Drying Herbs in the Oven

An easy guide for drying herbs in the oven. Dried herbs are perfect for making tea, seasoning your favorite dish, or gift giving.

lemon balm in basket drying herbs in the oven

Gardening goals can be challenging. We need all the stars to align and give us sunshine followed by rain. I’ve had many gardening goals that were never achieved…but that’s life. The main goal for my herb garden this year was to grow the plants big enough to harvest the leaves for making tea. I have been drying lemon balm and mint about once a week, but it’s going to take most of the summer to fill even a few jars. I’m learning a lot though and every time I dry a batch of herbs, I feel very accomplished!

Here is a basic list of herbs that can be dried. For tea, I’m drying lemon balm (shown in this post) and mint. For cooking, I’m going to dry basil and rosemary. I also freeze basil to use in spaghetti sauce and soups. The herb drying process explained below can be used for all the herbs listed. 

Related: All About Basil (How to grow, propagate, chop, and freeze.)

Best Herbs for Drying

  • Lemon Balm
  • Basil
  • Rosemary
  • Thyme
  • Lemon Grass
  • Mint
  • Oregano
  • Chives
  • Sage
  • Bay
  • Parsley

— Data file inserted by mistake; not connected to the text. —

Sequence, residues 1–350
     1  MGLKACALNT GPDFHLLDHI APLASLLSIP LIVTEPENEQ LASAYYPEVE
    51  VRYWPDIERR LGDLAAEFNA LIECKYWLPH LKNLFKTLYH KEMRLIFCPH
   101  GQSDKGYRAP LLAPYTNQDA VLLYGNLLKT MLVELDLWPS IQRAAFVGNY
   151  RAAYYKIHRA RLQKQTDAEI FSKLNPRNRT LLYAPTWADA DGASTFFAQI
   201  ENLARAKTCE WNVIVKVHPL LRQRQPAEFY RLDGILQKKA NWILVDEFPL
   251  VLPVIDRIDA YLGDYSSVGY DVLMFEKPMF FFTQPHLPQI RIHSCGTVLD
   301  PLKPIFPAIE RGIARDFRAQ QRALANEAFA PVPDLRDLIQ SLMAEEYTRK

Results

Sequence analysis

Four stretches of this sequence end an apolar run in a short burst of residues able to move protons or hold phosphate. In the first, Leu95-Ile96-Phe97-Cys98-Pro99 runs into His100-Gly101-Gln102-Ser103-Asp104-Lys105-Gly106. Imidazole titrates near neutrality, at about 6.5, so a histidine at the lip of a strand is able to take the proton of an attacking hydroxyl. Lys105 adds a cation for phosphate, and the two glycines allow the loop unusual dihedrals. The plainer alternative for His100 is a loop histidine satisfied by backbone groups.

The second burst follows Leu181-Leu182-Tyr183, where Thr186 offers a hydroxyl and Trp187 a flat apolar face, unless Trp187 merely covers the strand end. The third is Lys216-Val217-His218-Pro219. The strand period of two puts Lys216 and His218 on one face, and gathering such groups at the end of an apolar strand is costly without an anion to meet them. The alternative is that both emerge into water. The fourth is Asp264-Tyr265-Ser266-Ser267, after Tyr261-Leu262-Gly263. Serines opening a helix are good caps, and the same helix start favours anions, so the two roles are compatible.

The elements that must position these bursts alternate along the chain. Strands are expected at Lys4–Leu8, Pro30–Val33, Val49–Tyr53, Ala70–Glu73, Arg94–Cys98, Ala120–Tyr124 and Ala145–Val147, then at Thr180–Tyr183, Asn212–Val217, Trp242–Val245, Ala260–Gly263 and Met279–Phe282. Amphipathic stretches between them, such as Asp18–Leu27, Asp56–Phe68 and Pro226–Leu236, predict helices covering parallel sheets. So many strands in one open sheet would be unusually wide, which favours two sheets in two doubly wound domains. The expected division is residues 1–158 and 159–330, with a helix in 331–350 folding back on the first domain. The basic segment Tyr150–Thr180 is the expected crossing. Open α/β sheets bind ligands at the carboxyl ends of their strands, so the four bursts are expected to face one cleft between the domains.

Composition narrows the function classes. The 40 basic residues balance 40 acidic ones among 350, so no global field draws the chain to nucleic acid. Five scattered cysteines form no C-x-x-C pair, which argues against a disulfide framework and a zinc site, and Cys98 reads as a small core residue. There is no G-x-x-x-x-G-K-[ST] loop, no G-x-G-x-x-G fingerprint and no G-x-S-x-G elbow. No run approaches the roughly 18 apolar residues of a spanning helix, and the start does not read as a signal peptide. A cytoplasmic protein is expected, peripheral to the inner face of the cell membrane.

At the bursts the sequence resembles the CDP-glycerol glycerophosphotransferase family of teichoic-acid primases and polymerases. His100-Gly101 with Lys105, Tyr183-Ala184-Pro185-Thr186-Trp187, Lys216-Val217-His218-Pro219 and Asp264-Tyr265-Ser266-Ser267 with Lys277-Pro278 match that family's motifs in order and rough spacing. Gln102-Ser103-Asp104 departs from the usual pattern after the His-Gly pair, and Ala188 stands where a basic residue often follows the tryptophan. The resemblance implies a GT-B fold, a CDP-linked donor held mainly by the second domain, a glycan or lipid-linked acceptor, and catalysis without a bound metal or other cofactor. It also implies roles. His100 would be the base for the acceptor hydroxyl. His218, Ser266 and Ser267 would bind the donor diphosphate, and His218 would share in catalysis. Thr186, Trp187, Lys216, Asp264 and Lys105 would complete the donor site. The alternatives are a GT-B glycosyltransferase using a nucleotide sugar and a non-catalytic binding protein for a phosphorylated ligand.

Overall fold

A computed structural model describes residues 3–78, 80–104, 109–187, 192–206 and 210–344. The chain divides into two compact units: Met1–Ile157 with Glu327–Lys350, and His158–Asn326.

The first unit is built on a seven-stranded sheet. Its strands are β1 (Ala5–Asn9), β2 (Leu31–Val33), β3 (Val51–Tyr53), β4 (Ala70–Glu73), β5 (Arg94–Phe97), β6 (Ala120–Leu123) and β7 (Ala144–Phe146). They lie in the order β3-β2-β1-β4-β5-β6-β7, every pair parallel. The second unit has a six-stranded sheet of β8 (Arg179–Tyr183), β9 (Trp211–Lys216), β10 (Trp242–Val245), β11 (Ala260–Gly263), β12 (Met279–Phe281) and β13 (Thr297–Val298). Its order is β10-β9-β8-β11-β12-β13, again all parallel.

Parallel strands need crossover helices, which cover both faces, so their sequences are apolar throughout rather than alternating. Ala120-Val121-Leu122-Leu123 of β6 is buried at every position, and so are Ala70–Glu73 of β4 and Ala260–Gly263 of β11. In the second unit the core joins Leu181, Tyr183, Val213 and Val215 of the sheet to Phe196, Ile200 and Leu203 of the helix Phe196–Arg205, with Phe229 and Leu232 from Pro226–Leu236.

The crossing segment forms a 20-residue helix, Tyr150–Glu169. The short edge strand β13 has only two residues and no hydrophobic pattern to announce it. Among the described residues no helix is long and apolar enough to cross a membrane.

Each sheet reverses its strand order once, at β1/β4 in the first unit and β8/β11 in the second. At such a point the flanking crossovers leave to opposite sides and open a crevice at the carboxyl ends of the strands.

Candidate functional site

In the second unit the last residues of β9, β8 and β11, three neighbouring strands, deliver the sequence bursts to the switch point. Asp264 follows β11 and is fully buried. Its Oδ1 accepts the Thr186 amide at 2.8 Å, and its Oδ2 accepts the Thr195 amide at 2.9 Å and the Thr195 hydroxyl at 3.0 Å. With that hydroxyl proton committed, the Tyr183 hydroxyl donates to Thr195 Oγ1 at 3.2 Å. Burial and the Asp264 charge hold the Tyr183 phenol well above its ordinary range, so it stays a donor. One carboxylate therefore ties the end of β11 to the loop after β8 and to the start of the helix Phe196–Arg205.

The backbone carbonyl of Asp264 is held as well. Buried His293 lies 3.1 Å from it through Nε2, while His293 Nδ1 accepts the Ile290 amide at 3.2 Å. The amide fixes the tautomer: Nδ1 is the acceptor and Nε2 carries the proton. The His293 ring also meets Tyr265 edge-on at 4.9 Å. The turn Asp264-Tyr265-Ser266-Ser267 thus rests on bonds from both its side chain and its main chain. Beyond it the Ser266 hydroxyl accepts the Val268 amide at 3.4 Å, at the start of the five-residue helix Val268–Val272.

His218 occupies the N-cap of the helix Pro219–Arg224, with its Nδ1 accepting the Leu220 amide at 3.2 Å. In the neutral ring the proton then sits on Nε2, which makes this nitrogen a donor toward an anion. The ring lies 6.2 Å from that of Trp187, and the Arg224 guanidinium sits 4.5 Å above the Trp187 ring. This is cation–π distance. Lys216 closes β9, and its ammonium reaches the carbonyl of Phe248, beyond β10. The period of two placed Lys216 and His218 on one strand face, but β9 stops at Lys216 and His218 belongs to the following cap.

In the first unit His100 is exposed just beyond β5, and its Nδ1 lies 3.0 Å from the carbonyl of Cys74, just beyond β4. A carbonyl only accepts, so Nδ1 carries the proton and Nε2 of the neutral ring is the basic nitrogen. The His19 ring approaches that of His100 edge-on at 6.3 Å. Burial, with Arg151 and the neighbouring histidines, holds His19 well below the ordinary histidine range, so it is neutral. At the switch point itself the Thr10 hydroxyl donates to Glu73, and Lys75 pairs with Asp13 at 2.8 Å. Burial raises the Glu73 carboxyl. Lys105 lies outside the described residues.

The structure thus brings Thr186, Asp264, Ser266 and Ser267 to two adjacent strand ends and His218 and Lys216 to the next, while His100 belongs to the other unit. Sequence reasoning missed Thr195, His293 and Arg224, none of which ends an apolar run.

• Tarragon
  • Dill

Drying Herbs in the Oven: An Easy Process

  • Harvest your herbs. If the plants are homegrown and free of pesticides, it’s not necessary to wash them. Washing can strip the oils from the leaves. If you are drying grocery store herbs, it is best to gently rinse them and dry completely.
  • Don’t harvest more than 1/3 to 1/2 of your plant at a time.
  • Pinch off the leaves from the stems and lay them out on a cookie sheet. Try to keep them in one layer.

lemon balm leaves on cookie sheet drying herbs in the oven

  • Turn your oven on to the lowest setting. My oven won’t go lower than 170 degrees F so that’s what I use. 
  • Dry the herbs in your oven for about an hour, making sure to leave the door ajar. Closing the door will actually bake the herbs, which is not what you want. 
  • The herbs will look shriveled and they will darken in color. 
  • Cool completely.
  • Store in glass jars.

I’m storing my dried herbs in quart mason jars and they are taking a long time to fill. I hope to get a couple of jars of both mint and lemon balm by the end of the summer. Since I’m drying for tea, I am gently crushing the dried herbs before I put them in the jars. I’ll be back soon with some printable tags in case you want to dry some herbs for yourself!

Update: Get the printable tags {HERE.}


fresh and dried lemon balm drying herbs in the oven

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